There’s a massive conversation happening now around internal mobility. And because of the skill shortage, and certainly in the US, the fact that there are fewer and fewer accessible resources from a talent perspective. Granted, the’re a lot of layoffs now in the tech industry specifically, but you know, that’s a snapshot in time and still a small, tiny minority of the total working population. And we know that internal mobility training and upskilling is a key strategy for organizations to retain employees. But let’s switch the conversation to the other very interesting one we were having the other day, which is, on the one hand Degreed and other companies in the workplace learning space, they exist to help employees to grow, develop, fulfill their potential, acquire new skills, be acknowledged and accredited for those skills, so that there’s some kind of verification that they’ve acquired certain skills and capabilities, and can therefore impact the employer or some other new employer. But what about the top of the funnel, the spotting of those exceptional magical people the talent, and the the disservice that many companies do for themselves, in the filtering process, the screening out of talent, because they look at what does success look like too narrowly. So you had an interesting story about somebody that you were interviewing, or an anecdote that really depicted this the situation.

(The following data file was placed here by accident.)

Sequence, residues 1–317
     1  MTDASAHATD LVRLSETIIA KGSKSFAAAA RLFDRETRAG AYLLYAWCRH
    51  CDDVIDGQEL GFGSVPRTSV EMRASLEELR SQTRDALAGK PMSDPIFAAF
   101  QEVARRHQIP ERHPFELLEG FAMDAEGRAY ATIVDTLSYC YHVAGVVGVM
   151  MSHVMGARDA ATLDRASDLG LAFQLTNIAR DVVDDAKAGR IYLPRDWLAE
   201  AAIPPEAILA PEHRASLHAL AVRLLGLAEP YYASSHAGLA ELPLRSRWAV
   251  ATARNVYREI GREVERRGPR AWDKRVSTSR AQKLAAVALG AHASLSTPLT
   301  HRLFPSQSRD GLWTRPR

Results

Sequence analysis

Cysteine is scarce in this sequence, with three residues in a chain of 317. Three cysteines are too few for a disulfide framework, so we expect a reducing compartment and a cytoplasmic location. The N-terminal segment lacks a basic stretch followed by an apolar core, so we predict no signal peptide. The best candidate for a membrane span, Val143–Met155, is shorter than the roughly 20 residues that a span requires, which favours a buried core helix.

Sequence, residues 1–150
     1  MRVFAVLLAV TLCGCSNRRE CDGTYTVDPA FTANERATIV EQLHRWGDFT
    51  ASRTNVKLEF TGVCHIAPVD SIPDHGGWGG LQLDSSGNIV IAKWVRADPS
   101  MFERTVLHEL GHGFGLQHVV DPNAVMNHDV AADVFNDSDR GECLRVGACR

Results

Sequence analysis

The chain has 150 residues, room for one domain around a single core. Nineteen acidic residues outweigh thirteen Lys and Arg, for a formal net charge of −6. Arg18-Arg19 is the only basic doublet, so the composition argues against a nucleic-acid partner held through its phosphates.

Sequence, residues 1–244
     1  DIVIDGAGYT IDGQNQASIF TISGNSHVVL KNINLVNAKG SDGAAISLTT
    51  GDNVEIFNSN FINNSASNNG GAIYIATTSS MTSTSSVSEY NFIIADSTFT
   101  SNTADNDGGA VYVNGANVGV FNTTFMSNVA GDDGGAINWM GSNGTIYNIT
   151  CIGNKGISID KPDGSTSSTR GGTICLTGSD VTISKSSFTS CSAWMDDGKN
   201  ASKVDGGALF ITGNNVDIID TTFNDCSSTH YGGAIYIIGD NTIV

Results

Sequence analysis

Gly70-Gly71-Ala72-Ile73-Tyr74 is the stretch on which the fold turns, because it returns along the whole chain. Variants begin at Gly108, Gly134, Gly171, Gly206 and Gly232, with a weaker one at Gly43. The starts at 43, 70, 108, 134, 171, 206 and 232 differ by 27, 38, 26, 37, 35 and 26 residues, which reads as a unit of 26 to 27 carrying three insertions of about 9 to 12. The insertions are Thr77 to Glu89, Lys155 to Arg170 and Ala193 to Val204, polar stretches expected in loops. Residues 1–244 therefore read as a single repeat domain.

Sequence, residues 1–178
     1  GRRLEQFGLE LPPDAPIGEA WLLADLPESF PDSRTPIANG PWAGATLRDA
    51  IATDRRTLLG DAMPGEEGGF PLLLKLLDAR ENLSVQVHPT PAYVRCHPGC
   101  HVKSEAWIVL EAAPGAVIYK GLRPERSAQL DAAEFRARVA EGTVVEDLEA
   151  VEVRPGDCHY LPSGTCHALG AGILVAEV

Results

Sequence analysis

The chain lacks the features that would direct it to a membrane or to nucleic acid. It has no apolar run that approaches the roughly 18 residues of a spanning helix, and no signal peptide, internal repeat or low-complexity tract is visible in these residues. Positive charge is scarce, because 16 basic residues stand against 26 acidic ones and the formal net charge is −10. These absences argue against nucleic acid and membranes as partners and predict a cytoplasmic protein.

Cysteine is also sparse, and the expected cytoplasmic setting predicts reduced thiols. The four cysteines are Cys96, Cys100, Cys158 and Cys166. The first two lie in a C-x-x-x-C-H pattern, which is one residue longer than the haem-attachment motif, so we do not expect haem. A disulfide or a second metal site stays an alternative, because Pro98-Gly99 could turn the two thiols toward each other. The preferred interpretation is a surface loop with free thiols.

Deeps Ramanathan  08:46